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Article
Publication date: 8 July 2021

Afef Khalil

The purpose of the study is to examine the relationship between the board of directors (BODs) and the Shariah board (SB) and assess its impact on the financial soundness…

Abstract

Purpose

The purpose of the study is to examine the relationship between the board of directors (BODs) and the Shariah board (SB) and assess its impact on the financial soundness of Islamic banks (IBs).

Design/methodology/approach

The authors use a regression model to test the effects of the relationship between the BOD and the SB on the financial soundness of IBs by applying a panel data set of 61 IBs, covering 18 countries from 2008 to 2014. The dependent variable is the Z-score indicator. To test the robustness of the results, the authors use dependent variables other than the Z-score [A rating of Capital adequacy (C), Asset quality (A), Management (M), Earnings (E), Liquidity (L), and Sensitivity (S) (CAMELS)] for 2018.

Findings

The results show that meetings between directors and SB members significantly reduce the financial soundness of IBs. The relationship between the BOD and the SB increases conflicts of interest and agency costs. However, a representation of the SB at the BOD meetings and vice versa does not affect financial soundness. The Accounting and Auditing Organization for Islamic Financial Institutions and the Islamic Financial Services Board corporate governance standards do not require the presence of the SB representative at the BOD meetings or vice versa, which justifies the results.

Practical implications

This study attempts to fill gaps in the literature by investigating the impact of meetings between the SB and the BOD on the financial soundness of IBs across the world. The results suggest that the BOD’s frequent interference in the affairs of the SB can have adverse effects on IBs and should be avoided.

Originality/value

The authors depart from the previous literature by using three new characteristics that link the BOD to the SB. Methodologically, the authors use three new measures to evaluate this relationship and its effect on the financial soundness of IBs. This study is unique because it explores the comparative impacts of the presence of a SB representative at the BOD meetings and a director at the SB meetings and meetings between the two governing boards of IBs.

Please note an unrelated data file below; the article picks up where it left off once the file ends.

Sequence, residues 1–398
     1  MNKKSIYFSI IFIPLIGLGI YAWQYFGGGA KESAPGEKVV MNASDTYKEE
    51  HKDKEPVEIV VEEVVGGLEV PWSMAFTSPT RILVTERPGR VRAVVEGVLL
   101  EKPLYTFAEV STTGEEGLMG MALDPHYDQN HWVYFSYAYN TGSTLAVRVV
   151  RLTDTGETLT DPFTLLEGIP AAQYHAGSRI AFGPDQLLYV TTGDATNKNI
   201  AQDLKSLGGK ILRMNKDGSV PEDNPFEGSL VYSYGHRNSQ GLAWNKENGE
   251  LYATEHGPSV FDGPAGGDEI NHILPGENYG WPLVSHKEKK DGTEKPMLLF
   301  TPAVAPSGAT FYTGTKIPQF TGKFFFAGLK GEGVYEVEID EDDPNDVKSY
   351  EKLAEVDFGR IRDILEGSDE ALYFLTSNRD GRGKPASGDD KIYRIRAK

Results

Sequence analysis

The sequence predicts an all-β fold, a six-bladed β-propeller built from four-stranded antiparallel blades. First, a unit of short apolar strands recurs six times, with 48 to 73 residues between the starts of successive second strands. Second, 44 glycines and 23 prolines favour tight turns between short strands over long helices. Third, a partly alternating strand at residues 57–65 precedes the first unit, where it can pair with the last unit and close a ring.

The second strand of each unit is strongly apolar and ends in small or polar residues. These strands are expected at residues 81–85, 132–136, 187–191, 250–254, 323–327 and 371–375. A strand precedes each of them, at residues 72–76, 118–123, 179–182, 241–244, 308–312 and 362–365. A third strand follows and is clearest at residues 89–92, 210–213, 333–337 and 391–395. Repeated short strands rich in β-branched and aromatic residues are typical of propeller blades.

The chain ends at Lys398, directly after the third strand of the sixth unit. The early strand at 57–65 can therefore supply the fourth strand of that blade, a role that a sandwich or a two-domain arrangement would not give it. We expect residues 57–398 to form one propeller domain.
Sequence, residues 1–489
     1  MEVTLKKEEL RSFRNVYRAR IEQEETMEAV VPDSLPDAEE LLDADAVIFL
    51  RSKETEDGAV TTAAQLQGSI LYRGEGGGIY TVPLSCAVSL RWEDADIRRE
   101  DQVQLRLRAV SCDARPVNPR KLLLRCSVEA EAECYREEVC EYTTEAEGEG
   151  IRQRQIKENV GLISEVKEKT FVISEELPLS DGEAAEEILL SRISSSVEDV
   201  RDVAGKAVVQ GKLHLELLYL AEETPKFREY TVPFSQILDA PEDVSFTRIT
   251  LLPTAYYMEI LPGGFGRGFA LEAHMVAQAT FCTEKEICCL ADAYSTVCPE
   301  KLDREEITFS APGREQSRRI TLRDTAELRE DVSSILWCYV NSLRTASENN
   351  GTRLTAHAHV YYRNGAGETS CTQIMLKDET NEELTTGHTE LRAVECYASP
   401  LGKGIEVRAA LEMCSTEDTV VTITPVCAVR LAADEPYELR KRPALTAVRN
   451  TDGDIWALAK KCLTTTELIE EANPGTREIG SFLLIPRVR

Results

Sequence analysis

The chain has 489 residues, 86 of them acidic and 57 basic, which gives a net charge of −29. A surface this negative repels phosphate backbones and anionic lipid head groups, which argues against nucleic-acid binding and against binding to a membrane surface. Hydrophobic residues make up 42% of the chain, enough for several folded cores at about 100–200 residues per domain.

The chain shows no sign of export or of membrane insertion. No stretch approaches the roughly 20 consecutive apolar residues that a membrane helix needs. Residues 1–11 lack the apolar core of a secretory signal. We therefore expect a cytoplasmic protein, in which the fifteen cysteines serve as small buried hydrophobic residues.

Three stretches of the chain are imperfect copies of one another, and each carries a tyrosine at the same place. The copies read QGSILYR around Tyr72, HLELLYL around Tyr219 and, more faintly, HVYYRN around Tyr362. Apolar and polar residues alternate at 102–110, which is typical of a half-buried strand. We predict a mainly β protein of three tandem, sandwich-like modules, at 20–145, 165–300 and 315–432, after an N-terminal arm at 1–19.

Details

Journal of Islamic Accounting and Business Research, vol. ahead-of-print no. ahead-of-print
Type: Research Article
ISSN: 1759-0817

Keywords

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Article
Publication date: 10 June 2021

Afef Khalil and Imen Ben Slimene

The purpose of this paper is to examine the Board of Directors’ characteristics and their impact on the financial soundness of Islamic banks.

Abstract

Purpose

The purpose of this paper is to examine the Board of Directors’ characteristics and their impact on the financial soundness of Islamic banks.

Design/methodology/approach

Regression analysis is applied to test the impact of the Board of Directors’ characteristics on the financial soundness of Islamic banks, using a panel data set of 67 Islamic banks covering 20 countries from 2005 to 2018. The Z-score indicator is used to evaluate the Islamic banks’ soundness. To check the robustness of the results, this paper uses other dependent variables (CAMEL) than the Z-score.

Findings

The main results show that the presence of an independent non-executive director negatively impacts the financial soundness of Islamic banks, while the chief executive officer duality practice has a positive effect on it. Other characteristics of the Board of Directors do not significantly impact the financial soundness of Islamic banks (foreign director, institutional director, chairman with a Shari’ah degree, interlocked chairman and the Board of Directors’ size).

Practical implications

This study aims to fill the gaps in the literature that discuss the Board of Directors’ role in corporate governance and its impact on the financial soundness of Islamic banks. In other words, it shows the role played by the Board of Directors and improves the knowledge of the corporate governance-financial soundness relationship. Plus, managers, investors and regulators may gain evocative insights, particularly those looking to improve their Islamic banks’ soundness by restructuring their boards’ composition.

Originality/value

This study sheds new light on the literature on Islamic banking by clarifying the relationship between the Board of Directors and the financial soundness of Islamic banks. Contrary to previous research, this paper uses an additional hypothesis stating that a chairman with a Shari’ah degree (Fiqh Muamalt) has a positive impact on the financial soundness of Islamic banks.

Details

Corporate Governance: The International Journal of Business in Society, vol. ahead-of-print no. ahead-of-print
Type: Research Article
ISSN: 1472-0701